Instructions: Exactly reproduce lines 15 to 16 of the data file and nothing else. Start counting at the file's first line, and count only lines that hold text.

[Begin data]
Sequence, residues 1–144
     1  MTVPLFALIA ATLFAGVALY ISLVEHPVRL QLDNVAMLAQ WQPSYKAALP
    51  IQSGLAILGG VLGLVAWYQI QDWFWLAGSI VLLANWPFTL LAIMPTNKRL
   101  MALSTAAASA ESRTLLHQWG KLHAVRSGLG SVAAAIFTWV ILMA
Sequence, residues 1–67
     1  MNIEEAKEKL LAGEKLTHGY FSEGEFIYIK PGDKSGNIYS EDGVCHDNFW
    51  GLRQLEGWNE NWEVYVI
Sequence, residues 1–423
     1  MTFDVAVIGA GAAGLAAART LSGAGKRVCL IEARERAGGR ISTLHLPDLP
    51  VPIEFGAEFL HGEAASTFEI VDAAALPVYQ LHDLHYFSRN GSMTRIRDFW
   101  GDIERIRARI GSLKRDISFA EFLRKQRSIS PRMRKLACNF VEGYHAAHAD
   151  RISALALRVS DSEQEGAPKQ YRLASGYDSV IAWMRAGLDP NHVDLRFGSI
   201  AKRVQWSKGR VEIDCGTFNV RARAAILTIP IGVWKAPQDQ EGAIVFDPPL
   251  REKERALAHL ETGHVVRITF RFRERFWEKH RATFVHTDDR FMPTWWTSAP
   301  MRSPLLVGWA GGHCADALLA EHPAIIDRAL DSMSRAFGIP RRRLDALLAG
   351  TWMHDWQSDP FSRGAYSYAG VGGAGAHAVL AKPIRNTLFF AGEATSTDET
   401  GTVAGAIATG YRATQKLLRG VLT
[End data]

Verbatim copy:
   301  MRSPLLVGWA GGHCADALLA EHPAIIDRAL DSMSRAFGIP RRRLDALLAG
   351  TWMHDWQSDP FSRGAYSYAG VGGAGAHAVL AKPIRNTLFF AGEATSTDET